Fiancé What?

Does She Want You to Help, or Does She Just Want You to *Want* To Help?

While we’re pretty full of ourselves here at The Plunge, we admit that sometimes we have no idea what women want out of the wedding planning process. That’s why we turn to our friends at BRIDES whenever we need an honest, female point of view. Check out this latest insight from the bride’s side.

It’s 3:08 pm on a Tuesday and your fiancé has sent you nine text messages—nay, paragraphs— in a row about your wedding favor cookies. Through her iMessage novella, you discover she’s already coordinated with the baker, negotiated the price, and decided these cookies are special to you two in a way that no other wedding favors have been to any other couple in the history of baked goods and bonding ceremonies.

So…uh…what are you supposed to do?

See the above hypothetical scenario as evidence of a very real question for most grooms: “When it comes to wedding planning, do you want me to help—or just want me to want to help?”

The answer is simply yes; we want both. Easy, right?

“Can I get a little help here, please?” is a sentiment that rings true for many brides. Granted, that assistance comes in many forms depending on said bride-to-be. Figure out what your partner needs by…wait for it…asking her. You’ll probably be thrilled to find it’s less than you think.

Some brides want an effort at enthusiasm; if she sends you a message with approximately ten exclamation marks, don’t you dare respond with a one-word “Cool.” text. (Try a funny GIF instead!)

Others prefer occasional troubleshooting and soundboarding; “I like doing most of the planning myself,” said one newly-engaged lady. “But he helps me problem-solve when I’m stuck, and he’ll always hear me vent.”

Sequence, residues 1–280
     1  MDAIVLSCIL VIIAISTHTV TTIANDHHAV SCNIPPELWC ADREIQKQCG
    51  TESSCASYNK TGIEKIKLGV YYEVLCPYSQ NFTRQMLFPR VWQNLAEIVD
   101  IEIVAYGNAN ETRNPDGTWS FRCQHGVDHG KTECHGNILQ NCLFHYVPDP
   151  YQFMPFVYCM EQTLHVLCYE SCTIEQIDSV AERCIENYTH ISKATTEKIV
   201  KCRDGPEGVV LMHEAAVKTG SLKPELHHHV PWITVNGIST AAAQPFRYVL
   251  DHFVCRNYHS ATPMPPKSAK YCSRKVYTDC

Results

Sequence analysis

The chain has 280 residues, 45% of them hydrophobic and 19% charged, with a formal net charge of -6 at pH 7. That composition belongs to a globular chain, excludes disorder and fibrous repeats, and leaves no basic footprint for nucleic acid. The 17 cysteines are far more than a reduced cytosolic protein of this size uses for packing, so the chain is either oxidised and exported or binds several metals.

But for most of us, it’s about the trying, not the triumphs. Think of it like gym class, boys: we’re just looking for active participation.

“I want his opinions, but I don’t need to push my own wedding expectations on him,” another fellow bride acknowledges. “I just need him to ask me ‘What’s new in wedding-land?’ every day. Otherwise—even though I know he cares—I’ll convince myself he doesn’t.”

Oh, that’s another point: Grooms, you are allowed to care!

In 2018—when “groomzillas” roam rampant, and the Queer Eye reboot inspired a skincare regimen in some men far more involved than that of their partners—feel free to give us all your thoughts on florals and linens and cake flavors and invitation suites. Nothing is off limits! Unless you or your soon-to-be spouse is a certified wedding planner, neither of you is more equipped to do this thing than the other. Gender norms are increasingly being thrown by the wayside, and thus gendered wedding planning feels increasingly silly. Instead, know your strengths as individuals and delegate responsibilities accordingly.

Sometimes those do fall into more traditional buckets: if she’s always fantasized about fairy lights and farm tables, while you’re more concerned with sourcing the best whiskey for your signature cocktail, so be it. But some men obsess about table settings and centerpieces, while their future wives find no joy in comparing seventeen shades of beige napkin options. You do your “I do,” man.

While both of you can manage yourselves and your respective tasks, check in with each other anyway—not in a passive-aggressive or obligatory way, but with a “Hey, I love you” approach. Again, it doesn’t take much: One well-placed Cookie Monster GIF, and we’ll remember why we literally couldn’t do this thing without you.

A couple sit on a bench, the woman with her arms around the man's neck, kissing him on his temple.
Photo by Almos Bechtold

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